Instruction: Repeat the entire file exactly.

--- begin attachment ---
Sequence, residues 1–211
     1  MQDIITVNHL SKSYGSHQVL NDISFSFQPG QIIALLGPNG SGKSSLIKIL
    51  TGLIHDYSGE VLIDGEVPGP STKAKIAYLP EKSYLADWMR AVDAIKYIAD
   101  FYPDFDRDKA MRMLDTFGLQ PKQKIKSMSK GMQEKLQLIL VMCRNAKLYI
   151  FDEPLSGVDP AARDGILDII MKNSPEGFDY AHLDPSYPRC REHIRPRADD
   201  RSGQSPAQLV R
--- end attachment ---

Sequence, residues 1–211
     1  MQDIITVNHL SKSYGSHQVL NDISFSFQPG QIIALLGPNG SGKSSLIKIL
    51  TGLIHDYSGE VLIDGEVPGP STKAKIAYLP EKSYLADWMR AVDAIKYIAD
   101  FYPDFDRDKA MRMLDTFGLQ PKQKIKSMSK GMQEKLQLIL VMCRNAKLYI
   151  FDEPLSGVDP AARDGILDII MKNSPEGFDY AHLDPSYPRC REHIRPRADD
   201  RSGQSPAQLV R